2014 Clarkson Cup to make women’s hockey history with 2014 Olympic gold medallists on ice

Posted by Amey Doyle on March 18, 2014
2014 Clarkson Cup to make women’s hockey history with 2014 Olympic gold medallists on ice

As one of the signature events in women’s hockey, the Clarkson Cup brings with it a level of excitement, anticipation and intensity that is part of its hallmark. Heading into the 2014 edition of the Cup, an added element makes it a must-see for women’s hockey fans.

In the history of the Clarkson Cup, no player has ever claimed both Olympic Winter Games gold and the Clarkson Cup in the same year. Four years ago, the victorious Minnesota Whitecaps featured a pair of hockey legends that earned the silver medal at the 2010 Olympic Winter Games in Vancouver, B.C., Julie Chu and Jenny Potter.

With the Canadian contingent having emerged with a hard-fought gold medal at Sochi 2014, it brings with it the guarantee that an individual shall become the first to grab Olympic gold and the Cup in the same year. This is attributed to the fact that every roster in the CWHL postseason features at least one player from the Canadian team.

Prior to the beginning of the 2013-14 CWHL season; each team placed two to three players on a reserve roster. These were players that went off to their respective nation’s centralization camp, but had committed to return to league play in the aftermath of the Sochi Games.

Montreal’s Caroline Ouellette is one of those players that made such a pledge. Having also engaged in the same commitment to the franchise after Vancouver 2010, her high energy and dedication to the game is remarkable. As a side note, Stars teammate Julie Chu is also in the same rarified air as Ouellette. Having played for the U.S. in Vancouver and in the 2010 edition of the Cup in Richmond Hill, Ont., she is also going to be following her sojourn to Sochi with another Clarkson Cup appearance in 2014. Chu is looking to become the first American to win four Clarkson Cup titles.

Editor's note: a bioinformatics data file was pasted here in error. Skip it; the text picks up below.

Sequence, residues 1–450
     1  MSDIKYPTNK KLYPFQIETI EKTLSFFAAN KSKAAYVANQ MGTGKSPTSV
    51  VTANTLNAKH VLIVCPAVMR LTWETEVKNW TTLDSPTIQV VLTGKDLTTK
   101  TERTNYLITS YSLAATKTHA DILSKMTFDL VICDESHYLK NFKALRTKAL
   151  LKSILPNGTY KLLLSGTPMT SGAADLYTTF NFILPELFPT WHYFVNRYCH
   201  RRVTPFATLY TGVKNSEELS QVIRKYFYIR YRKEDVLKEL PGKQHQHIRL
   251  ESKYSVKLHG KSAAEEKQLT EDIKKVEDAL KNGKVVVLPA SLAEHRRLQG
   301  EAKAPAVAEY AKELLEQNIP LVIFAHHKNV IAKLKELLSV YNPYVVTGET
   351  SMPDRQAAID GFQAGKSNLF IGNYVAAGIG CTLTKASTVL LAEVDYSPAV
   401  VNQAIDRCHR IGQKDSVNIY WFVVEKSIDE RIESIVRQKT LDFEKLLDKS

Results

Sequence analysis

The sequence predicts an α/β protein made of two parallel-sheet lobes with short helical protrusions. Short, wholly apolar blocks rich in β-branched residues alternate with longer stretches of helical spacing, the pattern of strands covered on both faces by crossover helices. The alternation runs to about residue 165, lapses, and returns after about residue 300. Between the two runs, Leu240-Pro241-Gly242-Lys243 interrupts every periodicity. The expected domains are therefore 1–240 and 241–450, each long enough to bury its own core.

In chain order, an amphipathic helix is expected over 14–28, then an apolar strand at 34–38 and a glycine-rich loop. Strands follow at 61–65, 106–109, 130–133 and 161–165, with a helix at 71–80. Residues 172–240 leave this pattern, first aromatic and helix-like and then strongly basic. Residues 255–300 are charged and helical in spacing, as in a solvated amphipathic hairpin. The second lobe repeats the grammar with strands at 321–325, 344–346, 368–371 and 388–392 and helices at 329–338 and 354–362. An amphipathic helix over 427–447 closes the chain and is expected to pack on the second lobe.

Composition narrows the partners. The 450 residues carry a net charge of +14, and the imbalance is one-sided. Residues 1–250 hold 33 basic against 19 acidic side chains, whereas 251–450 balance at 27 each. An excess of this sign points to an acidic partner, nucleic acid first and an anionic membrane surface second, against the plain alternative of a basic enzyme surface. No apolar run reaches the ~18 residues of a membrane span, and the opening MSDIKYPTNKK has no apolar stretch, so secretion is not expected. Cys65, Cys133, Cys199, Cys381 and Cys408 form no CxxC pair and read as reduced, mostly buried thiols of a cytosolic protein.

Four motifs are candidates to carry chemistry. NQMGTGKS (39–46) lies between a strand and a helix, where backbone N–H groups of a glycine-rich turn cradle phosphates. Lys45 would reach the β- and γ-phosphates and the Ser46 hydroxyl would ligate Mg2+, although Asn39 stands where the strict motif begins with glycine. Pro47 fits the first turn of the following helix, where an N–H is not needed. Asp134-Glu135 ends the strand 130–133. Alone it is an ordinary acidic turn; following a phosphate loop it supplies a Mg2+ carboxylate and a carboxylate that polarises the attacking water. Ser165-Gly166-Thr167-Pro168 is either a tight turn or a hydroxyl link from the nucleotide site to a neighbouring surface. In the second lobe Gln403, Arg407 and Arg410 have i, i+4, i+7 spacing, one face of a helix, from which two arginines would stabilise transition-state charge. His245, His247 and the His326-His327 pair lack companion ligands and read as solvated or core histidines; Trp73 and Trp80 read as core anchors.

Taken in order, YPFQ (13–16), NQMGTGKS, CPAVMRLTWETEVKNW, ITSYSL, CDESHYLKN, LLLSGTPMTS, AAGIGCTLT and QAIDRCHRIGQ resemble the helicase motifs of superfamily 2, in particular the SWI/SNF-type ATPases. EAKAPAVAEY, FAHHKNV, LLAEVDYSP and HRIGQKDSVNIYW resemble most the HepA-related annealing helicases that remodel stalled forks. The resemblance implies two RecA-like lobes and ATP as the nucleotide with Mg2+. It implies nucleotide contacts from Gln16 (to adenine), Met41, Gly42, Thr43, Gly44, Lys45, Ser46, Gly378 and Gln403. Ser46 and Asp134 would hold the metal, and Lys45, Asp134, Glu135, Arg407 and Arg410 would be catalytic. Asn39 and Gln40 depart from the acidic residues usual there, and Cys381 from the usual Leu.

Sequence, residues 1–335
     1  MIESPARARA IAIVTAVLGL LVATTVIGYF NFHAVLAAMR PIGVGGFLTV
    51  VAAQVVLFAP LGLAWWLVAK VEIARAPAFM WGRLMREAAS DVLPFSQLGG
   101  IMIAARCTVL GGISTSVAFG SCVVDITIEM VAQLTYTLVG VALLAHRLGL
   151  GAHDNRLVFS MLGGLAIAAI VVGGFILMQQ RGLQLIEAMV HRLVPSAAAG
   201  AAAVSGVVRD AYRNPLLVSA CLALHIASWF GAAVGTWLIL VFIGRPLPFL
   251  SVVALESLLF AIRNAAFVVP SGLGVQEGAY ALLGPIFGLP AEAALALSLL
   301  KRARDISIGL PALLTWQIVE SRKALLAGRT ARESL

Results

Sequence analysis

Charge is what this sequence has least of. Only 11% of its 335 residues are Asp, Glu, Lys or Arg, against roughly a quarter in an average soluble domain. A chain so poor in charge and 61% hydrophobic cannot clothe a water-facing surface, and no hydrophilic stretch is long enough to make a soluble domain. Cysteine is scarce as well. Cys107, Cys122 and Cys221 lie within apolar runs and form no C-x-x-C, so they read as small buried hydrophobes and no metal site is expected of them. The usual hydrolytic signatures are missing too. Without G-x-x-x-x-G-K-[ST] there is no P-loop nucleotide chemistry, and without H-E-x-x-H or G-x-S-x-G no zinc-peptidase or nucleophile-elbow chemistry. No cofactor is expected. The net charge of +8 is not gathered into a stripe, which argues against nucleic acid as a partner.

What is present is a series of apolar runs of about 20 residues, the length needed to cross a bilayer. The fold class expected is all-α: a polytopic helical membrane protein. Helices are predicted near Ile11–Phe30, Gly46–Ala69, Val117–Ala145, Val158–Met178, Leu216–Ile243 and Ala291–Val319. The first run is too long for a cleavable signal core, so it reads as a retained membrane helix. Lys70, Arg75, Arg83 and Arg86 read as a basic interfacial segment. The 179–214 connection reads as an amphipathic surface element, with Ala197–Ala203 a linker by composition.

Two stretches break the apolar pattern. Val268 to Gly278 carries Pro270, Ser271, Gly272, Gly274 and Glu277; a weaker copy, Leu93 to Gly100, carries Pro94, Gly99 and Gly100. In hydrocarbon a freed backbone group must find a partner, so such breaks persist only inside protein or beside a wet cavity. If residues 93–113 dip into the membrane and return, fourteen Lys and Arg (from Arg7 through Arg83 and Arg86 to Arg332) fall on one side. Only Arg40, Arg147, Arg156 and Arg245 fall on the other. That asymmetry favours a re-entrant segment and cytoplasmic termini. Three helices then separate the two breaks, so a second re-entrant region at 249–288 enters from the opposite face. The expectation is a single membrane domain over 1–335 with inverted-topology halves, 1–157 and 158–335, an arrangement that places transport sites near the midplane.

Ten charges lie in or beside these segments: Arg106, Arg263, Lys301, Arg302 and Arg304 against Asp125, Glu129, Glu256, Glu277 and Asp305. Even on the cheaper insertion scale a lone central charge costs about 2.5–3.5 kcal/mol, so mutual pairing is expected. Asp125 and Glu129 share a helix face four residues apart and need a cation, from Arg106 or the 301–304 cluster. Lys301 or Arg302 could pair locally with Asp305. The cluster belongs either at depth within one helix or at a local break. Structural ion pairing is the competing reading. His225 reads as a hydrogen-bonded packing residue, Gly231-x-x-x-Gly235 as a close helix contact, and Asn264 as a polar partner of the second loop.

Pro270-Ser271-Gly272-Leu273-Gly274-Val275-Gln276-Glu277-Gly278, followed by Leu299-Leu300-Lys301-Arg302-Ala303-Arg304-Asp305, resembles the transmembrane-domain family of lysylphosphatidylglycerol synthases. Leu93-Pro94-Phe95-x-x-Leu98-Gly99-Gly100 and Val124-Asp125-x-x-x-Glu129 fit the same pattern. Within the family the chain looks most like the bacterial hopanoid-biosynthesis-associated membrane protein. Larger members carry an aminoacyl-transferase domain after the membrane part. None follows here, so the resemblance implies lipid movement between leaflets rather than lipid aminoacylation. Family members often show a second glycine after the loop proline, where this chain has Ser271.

Considering that Ouellette was Canada’s captain (the first player born in Quebec to have such an honour) in Sochi, the chance to be the first to achieve such a historic feat would be a remarkable footnote in a sparkling career. She has definitely left a legacy during the nascent history of the Clarkson Cup. After winning the inaugural Cup in 2009, Ouellette and Kim St. Pierre would become the first women to earn Triple Gold status: winning IIHF Ice Hockey Women’s World Championship gold, Olympic Winter Games gold and the Clarkson Cup title (something only seven other women have accomplished).

There is no question that there are also Triple Gold Club ramifications for the Olympic competitors on the Toronto Furies and the Calgary Inferno. Canada’s National Women’s Team players such as Natalie Spooner proudly wear the blue and white for the Furies, while Jocelyne Larocque, Meaghan Mikkelson and Tara Watchorn are part of a new era in western Canadian women’s hockey as they have played for the newly named Calgary Inferno, formerly the Alberta Hockey Club.

While the aforementioned may have the chance to make history by becoming the first to win Olympic gold and the Clarkson Cup in the same year, the experience would only serve to enhance their career status. Each one of these competitors has already earned IIHF worlds gold and Olympic gold. Therefore, a Cup would make the prestigious Triple Gold a realization.

Furies goaltender (and CWHL co-founder) Sami Jo Small has already earned gold at the IIHF worlds and Olympic levels. While she looks to win the title that has eluded her for so many seasons, not only would she become the oldest goaltender to win a Clarkson Cup, it would allow her to become the second goaltender to earn Triple Gold status.

Another exciting goaltender that will grace the ice during the postseason is sensational CWHL sophomore Geneviève Lacasse of the Boston Blades. She is another vibrant player that cannot be overlooked in this historic event. Since making her debut with Canada’s National Women’s Team in 2012, victory follows the young backstop. With a bright future in hand, Lacasse has already been part of IIHF gold in Burlington in 2012 and Olympic gold with Canada at Sochi 2014.

CLICK HERE to read more

Recommended articles